ENGL729A: Seminar in Eighteenth-Century Literature: The Postmodern Enlightenment
“Postmodern” and “Enlightenment” are historical and theoretical designations that rarely, if ever, occupy the same breath: postmodern connotes a challenge to orthodoxy, enlightenment an enthusiastic articulation of it.
This course challenges such a dualism by studying literary (and some visual) texts from the long eighteenth century and the late twentieth and early twenty-first centuries, texts that repeatedly grapple with what it means to exist in society, what value might be, and how representation mobilizes and occludes subjectivity. We will study Enlightenment texts that begin to articulate a range of ideals and critiques concerning race, diaspora, gender, celebrity, and affective relations; these are paired with contemporary rewritings that explicitly revisit and rework the Enlightenment materials. Our operating premise is that the articulation and legacies of the Enlightenment—both as an ideal and as an uneven and inequitable practice—linger profoundly in our contemporary, postmodern moment.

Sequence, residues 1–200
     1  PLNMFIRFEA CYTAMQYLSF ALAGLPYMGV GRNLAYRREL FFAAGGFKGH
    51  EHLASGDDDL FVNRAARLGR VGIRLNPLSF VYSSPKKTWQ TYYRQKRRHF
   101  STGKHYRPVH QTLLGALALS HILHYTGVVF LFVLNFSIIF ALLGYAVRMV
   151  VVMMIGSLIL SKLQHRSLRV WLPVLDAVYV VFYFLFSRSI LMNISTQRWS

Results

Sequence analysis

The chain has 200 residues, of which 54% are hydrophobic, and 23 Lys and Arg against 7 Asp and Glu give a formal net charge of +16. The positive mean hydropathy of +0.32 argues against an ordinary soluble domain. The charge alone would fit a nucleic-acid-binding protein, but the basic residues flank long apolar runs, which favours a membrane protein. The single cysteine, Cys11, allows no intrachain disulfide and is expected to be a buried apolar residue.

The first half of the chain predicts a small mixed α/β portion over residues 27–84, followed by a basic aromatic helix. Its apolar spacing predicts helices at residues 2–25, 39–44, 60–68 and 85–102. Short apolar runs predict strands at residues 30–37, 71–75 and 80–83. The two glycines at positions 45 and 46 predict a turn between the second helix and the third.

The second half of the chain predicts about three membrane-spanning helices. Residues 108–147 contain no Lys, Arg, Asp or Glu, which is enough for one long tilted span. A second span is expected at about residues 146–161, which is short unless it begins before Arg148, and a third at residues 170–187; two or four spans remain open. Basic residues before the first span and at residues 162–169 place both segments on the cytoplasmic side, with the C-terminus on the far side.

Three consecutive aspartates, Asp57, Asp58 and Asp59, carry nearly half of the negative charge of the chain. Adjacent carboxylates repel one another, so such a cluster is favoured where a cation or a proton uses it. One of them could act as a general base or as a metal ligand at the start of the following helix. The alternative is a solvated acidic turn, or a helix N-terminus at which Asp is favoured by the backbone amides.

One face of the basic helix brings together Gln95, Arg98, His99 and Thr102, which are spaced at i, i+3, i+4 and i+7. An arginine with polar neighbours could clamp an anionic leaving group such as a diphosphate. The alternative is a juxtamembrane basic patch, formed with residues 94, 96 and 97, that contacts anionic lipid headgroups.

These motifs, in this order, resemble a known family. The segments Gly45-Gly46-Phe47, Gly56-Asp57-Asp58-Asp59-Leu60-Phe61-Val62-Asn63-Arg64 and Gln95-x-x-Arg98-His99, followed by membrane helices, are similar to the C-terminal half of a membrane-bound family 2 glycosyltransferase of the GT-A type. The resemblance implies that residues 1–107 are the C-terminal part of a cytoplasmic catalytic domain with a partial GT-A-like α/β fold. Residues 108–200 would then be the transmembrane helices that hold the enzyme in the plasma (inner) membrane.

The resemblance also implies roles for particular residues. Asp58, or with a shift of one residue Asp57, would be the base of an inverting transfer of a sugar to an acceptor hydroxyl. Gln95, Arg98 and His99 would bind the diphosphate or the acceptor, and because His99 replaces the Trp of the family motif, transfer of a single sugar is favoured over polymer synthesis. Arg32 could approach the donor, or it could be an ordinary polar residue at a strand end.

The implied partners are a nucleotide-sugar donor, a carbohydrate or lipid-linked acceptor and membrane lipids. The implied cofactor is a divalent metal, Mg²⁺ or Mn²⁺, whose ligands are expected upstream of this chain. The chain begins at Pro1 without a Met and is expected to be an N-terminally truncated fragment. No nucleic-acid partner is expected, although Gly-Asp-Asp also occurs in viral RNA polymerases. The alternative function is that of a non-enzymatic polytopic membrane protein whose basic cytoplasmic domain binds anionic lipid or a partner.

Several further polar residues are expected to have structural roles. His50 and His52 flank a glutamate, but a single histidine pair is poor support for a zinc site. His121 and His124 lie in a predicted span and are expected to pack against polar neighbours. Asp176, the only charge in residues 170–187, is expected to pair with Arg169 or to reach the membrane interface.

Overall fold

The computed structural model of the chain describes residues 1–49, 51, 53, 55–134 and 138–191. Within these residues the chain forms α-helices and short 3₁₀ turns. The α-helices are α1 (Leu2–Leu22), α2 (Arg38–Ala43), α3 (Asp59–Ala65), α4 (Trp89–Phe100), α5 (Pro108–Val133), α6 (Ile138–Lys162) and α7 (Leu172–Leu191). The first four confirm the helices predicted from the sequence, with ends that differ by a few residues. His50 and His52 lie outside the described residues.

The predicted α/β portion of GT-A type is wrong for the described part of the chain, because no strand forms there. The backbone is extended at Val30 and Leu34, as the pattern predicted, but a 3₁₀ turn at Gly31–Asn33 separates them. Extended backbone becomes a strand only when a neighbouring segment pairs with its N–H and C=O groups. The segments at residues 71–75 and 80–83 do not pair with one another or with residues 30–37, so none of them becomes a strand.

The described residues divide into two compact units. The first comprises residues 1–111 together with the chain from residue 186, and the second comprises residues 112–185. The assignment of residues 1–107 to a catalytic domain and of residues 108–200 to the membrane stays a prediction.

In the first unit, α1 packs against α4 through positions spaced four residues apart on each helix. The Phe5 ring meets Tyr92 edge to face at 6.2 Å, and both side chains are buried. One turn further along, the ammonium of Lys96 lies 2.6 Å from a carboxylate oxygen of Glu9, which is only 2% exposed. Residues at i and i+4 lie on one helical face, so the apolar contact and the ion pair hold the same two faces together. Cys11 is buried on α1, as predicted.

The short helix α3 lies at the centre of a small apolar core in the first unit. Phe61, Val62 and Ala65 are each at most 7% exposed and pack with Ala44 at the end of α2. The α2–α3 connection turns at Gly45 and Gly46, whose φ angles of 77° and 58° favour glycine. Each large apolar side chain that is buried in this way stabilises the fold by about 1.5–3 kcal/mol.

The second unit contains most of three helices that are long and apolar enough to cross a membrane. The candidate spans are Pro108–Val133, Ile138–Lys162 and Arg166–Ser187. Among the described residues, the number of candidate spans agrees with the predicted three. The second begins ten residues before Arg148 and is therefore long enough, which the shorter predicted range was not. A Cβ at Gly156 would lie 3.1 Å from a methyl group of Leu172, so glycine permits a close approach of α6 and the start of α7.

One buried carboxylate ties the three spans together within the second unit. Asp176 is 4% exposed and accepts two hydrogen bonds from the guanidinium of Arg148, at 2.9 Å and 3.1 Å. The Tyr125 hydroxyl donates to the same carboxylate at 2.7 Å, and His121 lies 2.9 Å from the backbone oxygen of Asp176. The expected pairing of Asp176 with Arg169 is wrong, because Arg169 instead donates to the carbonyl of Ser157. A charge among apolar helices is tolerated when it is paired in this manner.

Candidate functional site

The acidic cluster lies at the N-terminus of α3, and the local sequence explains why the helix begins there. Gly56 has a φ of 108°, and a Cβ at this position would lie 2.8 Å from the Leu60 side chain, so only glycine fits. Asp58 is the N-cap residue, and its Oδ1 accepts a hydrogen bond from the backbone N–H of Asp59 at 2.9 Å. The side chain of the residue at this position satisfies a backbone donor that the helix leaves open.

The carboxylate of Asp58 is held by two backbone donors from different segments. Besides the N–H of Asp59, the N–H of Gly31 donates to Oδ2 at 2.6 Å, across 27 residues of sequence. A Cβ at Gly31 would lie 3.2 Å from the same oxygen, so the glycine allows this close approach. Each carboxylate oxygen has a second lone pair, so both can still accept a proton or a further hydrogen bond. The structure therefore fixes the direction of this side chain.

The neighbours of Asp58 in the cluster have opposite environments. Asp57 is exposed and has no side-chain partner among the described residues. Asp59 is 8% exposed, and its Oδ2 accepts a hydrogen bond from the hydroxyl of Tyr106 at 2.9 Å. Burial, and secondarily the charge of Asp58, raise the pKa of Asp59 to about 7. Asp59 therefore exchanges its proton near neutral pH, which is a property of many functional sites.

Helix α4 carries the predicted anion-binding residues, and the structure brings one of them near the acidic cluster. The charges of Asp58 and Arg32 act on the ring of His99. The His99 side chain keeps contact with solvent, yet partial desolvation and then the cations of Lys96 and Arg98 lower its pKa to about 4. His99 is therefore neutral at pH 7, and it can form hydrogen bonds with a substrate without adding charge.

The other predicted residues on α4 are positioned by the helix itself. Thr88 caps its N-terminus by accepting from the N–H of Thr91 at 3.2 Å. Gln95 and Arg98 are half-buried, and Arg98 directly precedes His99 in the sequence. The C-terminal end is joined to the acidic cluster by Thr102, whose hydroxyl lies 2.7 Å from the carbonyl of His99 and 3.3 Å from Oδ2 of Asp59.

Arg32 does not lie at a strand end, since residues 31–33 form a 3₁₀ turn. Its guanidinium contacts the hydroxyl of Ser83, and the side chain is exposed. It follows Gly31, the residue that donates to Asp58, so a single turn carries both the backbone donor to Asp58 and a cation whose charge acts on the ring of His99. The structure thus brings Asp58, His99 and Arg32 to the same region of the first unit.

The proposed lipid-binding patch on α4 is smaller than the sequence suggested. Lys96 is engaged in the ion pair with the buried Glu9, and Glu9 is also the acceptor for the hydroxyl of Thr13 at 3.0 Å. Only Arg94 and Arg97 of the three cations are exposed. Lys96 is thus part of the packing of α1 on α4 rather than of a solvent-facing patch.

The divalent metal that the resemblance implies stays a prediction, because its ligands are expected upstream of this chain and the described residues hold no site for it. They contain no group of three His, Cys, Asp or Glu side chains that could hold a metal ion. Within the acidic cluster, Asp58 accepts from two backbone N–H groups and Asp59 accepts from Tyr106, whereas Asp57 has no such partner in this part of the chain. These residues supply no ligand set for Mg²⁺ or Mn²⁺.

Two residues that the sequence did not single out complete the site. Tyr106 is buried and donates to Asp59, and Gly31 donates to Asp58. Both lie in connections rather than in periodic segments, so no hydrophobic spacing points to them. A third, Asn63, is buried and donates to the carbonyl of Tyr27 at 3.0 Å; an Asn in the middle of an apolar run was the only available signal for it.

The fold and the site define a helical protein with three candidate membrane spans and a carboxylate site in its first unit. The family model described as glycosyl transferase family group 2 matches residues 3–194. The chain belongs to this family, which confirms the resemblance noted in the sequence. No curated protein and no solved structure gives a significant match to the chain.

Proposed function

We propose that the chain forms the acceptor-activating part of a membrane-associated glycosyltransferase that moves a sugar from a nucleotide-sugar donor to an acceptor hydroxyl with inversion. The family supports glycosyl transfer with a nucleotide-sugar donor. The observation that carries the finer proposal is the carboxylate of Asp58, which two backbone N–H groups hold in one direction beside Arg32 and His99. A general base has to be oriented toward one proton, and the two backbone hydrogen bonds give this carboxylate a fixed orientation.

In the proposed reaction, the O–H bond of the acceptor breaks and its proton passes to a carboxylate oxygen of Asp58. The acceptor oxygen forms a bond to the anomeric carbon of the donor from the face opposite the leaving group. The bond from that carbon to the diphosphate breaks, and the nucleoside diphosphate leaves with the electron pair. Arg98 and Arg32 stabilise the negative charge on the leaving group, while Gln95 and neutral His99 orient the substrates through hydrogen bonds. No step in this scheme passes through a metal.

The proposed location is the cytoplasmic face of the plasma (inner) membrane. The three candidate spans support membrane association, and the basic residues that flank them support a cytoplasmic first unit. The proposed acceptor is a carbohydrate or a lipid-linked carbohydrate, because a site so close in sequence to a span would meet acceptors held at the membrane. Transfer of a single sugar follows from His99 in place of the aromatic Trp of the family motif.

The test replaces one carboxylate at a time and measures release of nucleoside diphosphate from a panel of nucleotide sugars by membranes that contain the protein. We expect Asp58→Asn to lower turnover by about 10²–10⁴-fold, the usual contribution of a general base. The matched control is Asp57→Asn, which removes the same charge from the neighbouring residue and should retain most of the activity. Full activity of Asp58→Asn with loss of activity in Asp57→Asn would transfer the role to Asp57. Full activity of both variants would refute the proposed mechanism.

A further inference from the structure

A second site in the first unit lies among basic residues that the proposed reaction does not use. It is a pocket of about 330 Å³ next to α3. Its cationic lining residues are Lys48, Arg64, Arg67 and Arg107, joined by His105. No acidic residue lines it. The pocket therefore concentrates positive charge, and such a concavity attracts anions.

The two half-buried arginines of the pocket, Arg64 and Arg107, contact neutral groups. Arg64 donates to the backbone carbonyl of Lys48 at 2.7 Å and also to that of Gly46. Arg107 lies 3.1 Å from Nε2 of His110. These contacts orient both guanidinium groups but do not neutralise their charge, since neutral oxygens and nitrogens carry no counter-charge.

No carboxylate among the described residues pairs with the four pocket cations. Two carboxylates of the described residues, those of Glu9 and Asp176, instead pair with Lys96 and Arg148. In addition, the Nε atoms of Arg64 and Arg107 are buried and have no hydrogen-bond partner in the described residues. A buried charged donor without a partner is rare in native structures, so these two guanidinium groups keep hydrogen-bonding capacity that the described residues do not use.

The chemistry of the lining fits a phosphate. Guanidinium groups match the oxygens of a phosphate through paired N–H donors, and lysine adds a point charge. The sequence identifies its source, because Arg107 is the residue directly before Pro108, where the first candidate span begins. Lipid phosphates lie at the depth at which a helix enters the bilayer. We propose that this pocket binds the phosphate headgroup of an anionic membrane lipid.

Dr. Tita Chico
M 3:30pm - 6:00pm
Schedule of Classes
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